14. 14. Genetics of Resistance Mechanisms of resistance: 1.Disease escape 2.Disease endurance. 3.True resistance Classification Based on: 1.Number of Genes 2.Biotype reaction 3.Population/Line concept 4.Evolutionary concept. 5.Specificity. 15
    15. 15. Defense mechanism in plants 16
    16. 16. Plant –Pathogen Interaction  Perception  Signaling  Response 17
    17. 17. Perception  How pathogen and host recognize each other.?  The gene-for-gene hypothesis between host and pathogen for triggering race-specific resistance. Elicitor – receptor model I- incompatible ,C- compatible 18
    18. 18. Perception of elicitor signals/ receptors for elicitor signals in plant cell membrane • Salicylic acid, Jasmonic acid and Ethylene • Protein kinase as receptor sites • LRR-type receptors • Lectins as receptors • Resistance gene product as receptors 19
    19. 19. Secondary messengers(signaling) • Molecules that relay signals from receptors on the cell surface to target molecules. Earl Wilbur Sutherland, discovered secondary messengers, won the 1971 Nobel Prize in Physiology or Medicine. Functions: • They greatly amplify the strength of the signal. • Component of signal transduction cascades. • Secondary messengers. • Calcium ion • Anion channels in signal transduction • Phosphorylation and Phospholipids signaling system • Mitogen-activated protein kinase signaling cascade 20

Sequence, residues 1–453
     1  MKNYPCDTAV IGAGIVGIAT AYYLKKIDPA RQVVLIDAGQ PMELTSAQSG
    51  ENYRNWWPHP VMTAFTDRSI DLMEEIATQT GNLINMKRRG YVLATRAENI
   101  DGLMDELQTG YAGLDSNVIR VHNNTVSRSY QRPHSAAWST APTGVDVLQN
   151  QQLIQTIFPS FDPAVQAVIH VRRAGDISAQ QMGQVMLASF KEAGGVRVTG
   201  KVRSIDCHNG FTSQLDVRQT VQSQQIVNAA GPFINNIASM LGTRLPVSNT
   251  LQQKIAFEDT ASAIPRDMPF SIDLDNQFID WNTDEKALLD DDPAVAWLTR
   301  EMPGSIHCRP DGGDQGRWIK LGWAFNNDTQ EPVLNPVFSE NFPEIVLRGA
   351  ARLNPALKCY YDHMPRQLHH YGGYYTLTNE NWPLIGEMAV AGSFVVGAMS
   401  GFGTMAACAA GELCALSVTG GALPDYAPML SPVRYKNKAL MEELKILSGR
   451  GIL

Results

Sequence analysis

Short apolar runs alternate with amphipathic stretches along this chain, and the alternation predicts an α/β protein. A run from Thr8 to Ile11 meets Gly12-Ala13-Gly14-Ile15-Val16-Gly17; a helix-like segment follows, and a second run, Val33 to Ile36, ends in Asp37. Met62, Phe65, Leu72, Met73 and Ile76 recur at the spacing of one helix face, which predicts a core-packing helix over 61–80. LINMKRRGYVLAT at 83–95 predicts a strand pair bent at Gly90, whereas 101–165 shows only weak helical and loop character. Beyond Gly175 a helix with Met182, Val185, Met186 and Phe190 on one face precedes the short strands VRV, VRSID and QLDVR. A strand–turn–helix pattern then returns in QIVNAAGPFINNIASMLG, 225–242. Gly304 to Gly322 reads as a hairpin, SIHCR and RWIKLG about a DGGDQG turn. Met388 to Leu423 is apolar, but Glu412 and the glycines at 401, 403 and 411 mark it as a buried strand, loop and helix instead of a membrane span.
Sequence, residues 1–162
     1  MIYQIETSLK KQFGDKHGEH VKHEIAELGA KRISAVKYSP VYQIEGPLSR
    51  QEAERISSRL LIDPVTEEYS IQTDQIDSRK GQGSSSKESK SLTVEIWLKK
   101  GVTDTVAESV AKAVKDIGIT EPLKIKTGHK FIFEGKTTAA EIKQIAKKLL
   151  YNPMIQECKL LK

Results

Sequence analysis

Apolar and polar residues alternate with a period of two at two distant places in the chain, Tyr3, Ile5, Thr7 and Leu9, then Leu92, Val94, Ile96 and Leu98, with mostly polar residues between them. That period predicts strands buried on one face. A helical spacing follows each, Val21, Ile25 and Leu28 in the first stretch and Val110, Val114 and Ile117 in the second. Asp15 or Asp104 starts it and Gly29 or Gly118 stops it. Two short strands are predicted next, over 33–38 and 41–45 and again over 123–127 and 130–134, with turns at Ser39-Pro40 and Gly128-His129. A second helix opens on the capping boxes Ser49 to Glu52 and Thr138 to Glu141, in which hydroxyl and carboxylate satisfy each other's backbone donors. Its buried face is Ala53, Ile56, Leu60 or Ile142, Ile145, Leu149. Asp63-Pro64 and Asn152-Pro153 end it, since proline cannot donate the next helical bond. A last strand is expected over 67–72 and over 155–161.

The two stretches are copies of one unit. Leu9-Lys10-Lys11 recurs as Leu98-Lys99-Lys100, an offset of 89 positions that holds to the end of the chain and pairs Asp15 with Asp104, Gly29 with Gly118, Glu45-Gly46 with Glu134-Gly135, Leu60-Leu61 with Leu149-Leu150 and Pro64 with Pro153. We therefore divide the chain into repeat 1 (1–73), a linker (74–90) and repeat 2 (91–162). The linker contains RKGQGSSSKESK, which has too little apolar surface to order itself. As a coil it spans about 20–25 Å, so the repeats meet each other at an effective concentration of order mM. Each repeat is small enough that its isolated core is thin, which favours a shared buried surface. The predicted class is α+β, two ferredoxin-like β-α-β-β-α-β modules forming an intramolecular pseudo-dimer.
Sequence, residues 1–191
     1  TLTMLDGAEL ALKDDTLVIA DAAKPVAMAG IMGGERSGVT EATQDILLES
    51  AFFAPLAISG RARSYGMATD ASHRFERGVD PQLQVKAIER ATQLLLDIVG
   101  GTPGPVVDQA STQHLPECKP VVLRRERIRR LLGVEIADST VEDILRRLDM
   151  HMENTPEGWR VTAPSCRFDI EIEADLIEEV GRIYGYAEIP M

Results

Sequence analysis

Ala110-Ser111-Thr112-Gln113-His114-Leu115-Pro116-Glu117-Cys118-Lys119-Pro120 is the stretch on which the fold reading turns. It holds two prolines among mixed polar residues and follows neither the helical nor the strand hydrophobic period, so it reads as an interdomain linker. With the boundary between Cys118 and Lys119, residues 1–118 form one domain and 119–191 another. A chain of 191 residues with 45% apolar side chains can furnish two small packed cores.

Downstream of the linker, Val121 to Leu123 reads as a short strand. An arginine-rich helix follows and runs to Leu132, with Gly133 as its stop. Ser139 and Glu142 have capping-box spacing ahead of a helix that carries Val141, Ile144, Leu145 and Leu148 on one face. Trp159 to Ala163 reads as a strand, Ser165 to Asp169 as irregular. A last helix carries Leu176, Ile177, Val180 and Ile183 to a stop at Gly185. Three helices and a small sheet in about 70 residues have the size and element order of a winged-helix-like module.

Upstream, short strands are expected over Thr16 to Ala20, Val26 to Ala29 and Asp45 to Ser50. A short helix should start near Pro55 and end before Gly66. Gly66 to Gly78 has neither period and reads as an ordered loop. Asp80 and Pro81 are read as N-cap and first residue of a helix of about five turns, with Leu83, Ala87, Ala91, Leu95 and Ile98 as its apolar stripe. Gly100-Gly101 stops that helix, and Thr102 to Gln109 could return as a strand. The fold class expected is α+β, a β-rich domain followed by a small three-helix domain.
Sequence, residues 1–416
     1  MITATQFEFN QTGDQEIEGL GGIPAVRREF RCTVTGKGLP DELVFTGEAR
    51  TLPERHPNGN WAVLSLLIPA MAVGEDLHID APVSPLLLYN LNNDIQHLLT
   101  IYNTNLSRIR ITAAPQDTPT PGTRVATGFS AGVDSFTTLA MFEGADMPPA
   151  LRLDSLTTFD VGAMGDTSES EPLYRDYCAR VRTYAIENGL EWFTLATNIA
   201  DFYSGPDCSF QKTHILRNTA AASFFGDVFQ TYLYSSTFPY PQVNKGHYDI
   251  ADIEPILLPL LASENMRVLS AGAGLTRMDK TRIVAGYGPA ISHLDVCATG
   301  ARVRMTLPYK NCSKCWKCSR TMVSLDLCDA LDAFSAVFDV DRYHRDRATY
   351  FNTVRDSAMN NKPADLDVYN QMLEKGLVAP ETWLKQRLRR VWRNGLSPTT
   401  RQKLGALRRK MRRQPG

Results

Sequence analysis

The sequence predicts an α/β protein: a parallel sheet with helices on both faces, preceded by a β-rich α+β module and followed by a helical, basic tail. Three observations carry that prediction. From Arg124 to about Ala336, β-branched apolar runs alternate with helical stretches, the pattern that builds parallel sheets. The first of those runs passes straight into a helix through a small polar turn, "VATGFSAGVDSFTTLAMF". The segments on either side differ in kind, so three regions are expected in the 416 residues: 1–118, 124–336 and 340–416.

20. 20. Role of Mitogen-activated protein kinase cascade ACS- 1-aminocyclopropane-1-carboxylic acid synthase, (Hamel et al., 2012) 22
    21. 21. Response • Resistance • Susceptible 23
    22. 22. Differential response of plant to pathogens 24 (Yan Zhang et al., 2013)
    23. 23. Mechanisms of plant defense • Hypersensitive response • Production of reactive oxygen species • Production of antimicrobial metabolites • Defense signal transduction • Synthesis of enzymes (e.g. - chitinases, glucanases) (Nurnberger et al.,2006) 25
    24. 24. Role of ROS (Thirupathi et al., 2011) 26
    25. 25. Signaling systems • Alkalization and cytoplasmic acidification • Reactive oxygen species • Nitric oxide in signal transduction • Salicylic acid signaling system • Jasmonate signaling pathway • Ethylene dependent signaling pathway • Fatty acids as systemic signal molecules 27
    26. 26. Resistant Genes(R Genes) Application in Plant Breeding. 28